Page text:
In late 2014, the American Academy of Arts and Sciences received two letters from Congress, one from a bipartisan group of U.S. Senators and one from a bipartisan group of Representatives, requesting a new study of the state of language learning in America. The letters framed the request as a follow-up to the work of the Commission on the Humanities and Social Sciences, which published its influential Heart of the Matter report in 2013. The Heart of the Matter also responded to a request from a bipartisan group, but its charge was broader than the one included in the new letters, which asked the Academy to respond to the following two questions:
- How does language learning influence economic growth, cultural diplomacy, the productivity of future generations, and the fulfillment of all Americans?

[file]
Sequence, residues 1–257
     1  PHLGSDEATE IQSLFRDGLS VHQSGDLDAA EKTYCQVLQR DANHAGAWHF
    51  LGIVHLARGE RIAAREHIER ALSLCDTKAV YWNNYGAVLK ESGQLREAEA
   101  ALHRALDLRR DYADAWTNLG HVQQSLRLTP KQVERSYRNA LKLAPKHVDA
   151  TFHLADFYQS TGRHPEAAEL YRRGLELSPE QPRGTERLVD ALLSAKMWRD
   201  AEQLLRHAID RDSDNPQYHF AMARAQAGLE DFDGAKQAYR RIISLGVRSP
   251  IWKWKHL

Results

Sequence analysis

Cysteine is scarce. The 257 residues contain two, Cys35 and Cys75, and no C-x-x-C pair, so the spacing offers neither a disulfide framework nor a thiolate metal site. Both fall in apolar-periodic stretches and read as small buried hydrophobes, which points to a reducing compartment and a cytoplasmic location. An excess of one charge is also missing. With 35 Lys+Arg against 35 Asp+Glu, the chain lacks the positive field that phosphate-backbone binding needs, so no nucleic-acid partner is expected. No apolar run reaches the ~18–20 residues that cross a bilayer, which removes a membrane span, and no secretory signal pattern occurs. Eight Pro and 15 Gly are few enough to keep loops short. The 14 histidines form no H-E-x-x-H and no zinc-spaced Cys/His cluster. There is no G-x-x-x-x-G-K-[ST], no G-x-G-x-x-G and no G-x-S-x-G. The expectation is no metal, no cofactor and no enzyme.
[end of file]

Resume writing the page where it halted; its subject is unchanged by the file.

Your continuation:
- What actions should the nation take to ensure excellence in all languages as well as international education and research, including how we may more effectively use current resources to advance language attainment?
This second question charged us with an astoundingly lofty goal. Excellence in all languages?!?! Yet it also led us into territory familiar to a 237-year-old learned society and independent policy research center. In short, it asked us to initiate a study. It also helped us identify the ultimate goal of our final report, to teach more languages to more people, and set the agenda for the next 18 months of work, as we gathered scholarship and formulated concrete recommendations to address our nation’s relatively low capacity in international languages.
That first question, on the other hand, was trouble from the start.Read More